Aging is difficult and scary. Many of us are wrapped up in our own concerns. The bags under our eyes, our receding hairlines, the perplexing amount of physical pain that follows a day of playing tennis with our friend. As disconcerting as these discoveries may be, it tends to really hit us when we look at our parents.
When they turn 60, 65, 70, etc. When they slow down or have trouble doing things we wouldn’t think twice about. It’s scary even before there’s any serious problem. We can’t do anything to stop the aging process, but is there something we can do to help our parents avoid the worst difficulties of aging?
Loneliness and isolation
There are an increasing number of seniors who live alone. Whether they’re single or widowed, they’re on their own and it can be difficult to gauge exactly how they’re doing. While a hilarious and entertaining Golden Girls type scenario might work for some, for most seniors, it is impractical. And this is problematic. For the healthy and young, living alone can be lonely and even contribute to depression. For the elderly, it can be even more difficult.
But what can you do about it? Of course, you should spend as much time with your parent(s) as possible. But it would be unfair to both yourself and your parent(s) to pin all the responsibility of keeping them company and making sure they are all right just on you. And that is why you should consider companion care.
Companion care is a type of care work that focuses on the emotional and mental well being of seniors. By keeping them company and engaging with them, the care workers can help keep the social and emotional parts of their brains active. Just like a muscle, these mental skills can atrophy when not used over a long period of time, so it’s important to keep them sharp.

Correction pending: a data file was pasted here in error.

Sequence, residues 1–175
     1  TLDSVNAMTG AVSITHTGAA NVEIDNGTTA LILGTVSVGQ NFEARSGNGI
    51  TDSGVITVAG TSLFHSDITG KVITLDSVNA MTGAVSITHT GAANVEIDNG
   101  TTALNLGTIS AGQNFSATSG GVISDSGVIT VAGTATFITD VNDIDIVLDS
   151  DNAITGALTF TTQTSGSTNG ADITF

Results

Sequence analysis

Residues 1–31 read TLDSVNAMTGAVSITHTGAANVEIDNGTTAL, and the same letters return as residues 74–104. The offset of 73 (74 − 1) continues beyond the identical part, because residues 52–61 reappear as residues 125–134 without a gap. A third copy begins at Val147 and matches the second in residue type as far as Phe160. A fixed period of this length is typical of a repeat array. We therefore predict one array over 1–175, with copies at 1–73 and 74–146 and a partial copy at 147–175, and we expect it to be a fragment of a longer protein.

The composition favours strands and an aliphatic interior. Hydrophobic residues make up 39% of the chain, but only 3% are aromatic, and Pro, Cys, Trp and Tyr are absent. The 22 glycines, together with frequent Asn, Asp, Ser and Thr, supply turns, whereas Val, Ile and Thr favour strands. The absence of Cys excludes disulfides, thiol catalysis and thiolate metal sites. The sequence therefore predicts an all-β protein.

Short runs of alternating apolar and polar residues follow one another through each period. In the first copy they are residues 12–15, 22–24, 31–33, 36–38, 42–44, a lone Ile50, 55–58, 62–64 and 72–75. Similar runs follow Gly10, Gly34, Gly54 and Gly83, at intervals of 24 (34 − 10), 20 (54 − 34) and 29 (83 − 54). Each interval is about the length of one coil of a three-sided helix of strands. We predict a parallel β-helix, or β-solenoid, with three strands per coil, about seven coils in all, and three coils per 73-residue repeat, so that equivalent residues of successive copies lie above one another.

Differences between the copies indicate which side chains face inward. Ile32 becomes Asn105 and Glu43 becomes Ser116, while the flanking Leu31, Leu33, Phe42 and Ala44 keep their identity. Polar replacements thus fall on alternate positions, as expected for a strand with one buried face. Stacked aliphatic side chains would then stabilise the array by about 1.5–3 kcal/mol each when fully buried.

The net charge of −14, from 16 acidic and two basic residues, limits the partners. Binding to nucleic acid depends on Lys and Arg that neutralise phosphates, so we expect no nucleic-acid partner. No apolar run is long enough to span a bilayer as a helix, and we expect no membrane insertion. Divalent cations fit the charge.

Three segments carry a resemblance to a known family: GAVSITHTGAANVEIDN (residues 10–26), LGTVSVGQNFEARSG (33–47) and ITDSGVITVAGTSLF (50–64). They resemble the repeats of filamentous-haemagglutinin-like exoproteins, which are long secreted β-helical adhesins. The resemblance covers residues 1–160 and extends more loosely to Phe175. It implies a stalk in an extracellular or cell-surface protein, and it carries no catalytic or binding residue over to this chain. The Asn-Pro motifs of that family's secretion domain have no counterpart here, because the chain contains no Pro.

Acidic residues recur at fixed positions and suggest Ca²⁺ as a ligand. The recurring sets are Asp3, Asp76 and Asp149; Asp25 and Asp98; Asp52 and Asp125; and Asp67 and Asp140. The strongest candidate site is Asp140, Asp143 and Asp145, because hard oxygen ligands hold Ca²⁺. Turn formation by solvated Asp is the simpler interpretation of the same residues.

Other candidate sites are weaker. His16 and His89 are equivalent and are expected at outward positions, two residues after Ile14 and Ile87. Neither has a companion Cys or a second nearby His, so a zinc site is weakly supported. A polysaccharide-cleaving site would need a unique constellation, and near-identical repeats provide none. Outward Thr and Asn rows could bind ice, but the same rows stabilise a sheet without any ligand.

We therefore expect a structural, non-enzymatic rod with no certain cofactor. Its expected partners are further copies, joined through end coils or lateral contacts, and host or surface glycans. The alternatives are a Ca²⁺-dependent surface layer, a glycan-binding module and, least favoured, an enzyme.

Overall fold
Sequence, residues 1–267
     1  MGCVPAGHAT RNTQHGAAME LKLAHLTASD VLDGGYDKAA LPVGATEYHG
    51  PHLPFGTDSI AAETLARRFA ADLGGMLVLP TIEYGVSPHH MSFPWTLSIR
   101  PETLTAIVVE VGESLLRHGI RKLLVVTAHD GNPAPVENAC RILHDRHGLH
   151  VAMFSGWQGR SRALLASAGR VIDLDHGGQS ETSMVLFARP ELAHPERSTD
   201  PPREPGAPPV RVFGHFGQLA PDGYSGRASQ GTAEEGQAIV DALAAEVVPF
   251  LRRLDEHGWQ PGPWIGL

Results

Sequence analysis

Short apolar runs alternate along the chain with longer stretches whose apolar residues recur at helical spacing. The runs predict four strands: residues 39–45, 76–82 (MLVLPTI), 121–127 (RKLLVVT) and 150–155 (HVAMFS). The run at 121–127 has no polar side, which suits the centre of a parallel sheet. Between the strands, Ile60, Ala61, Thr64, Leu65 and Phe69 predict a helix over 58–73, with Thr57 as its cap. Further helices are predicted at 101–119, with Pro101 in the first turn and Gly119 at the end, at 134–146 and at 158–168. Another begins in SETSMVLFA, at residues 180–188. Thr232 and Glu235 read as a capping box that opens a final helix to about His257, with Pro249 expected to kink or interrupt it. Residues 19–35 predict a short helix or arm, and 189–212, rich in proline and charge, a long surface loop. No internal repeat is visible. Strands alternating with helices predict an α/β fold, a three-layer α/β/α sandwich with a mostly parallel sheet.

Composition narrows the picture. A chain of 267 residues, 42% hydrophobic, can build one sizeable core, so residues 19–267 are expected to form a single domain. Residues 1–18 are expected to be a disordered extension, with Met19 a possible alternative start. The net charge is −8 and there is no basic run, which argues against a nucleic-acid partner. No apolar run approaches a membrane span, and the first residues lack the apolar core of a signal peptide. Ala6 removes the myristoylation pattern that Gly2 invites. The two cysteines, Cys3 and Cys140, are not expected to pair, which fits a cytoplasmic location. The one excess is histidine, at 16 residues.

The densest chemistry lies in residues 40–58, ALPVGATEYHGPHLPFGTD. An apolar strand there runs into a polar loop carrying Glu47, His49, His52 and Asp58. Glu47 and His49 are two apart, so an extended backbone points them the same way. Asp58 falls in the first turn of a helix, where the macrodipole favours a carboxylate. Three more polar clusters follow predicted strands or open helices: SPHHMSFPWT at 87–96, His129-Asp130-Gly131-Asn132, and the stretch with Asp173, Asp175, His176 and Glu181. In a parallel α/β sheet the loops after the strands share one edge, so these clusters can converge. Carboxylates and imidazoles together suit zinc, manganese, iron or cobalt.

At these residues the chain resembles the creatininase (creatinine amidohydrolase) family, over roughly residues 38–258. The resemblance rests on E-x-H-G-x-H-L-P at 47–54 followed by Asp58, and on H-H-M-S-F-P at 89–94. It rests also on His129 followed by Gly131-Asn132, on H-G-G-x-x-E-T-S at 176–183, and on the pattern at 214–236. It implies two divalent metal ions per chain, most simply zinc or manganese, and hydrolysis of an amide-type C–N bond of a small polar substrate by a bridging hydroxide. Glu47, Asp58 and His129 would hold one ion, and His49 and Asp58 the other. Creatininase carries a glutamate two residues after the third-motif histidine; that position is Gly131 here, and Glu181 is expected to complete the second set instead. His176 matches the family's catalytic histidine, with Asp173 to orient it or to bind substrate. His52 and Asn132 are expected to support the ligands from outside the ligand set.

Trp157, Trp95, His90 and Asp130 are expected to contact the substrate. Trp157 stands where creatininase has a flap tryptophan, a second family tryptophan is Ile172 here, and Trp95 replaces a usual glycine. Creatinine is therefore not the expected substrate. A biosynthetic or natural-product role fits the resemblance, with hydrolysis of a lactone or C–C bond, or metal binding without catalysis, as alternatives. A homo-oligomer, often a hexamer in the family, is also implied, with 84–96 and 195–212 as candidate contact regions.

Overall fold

Companion care is great for seniors who don’t live alone as well. An elderly couple can become isolated from the world together just as easily. Companion care is very valuable not just because it gives seniors somebody with whom to talk or play card games, but because the careworker can also evaluate how they are doing. Many seniors are reticent to tell their children everything that is bothering them. They could be having some serious mobility or pain issues that they don’t wish to reveal.
Furthermore, hiring a companion care worker is very low stakes and non-invasive. Companion care does not insinuate that your elderly parents cannot cope on their own, an assumption to which some seniors object. What’s more, utilizing companion care now can open the door to more involved types of care if and when it becomes necessary. A companion care worker might notice your parents cannot take care of their home very well or run all their errands and so you may want to transition to homemaking services. Or, if there is an unfortunate health incident, transitioning to more serious personal care will be easier if companion care had previously been established.
Get in touch
If you would like to hire a companion care worker or learn more about it or Executive Home Care’s other services, please get in touch with us today.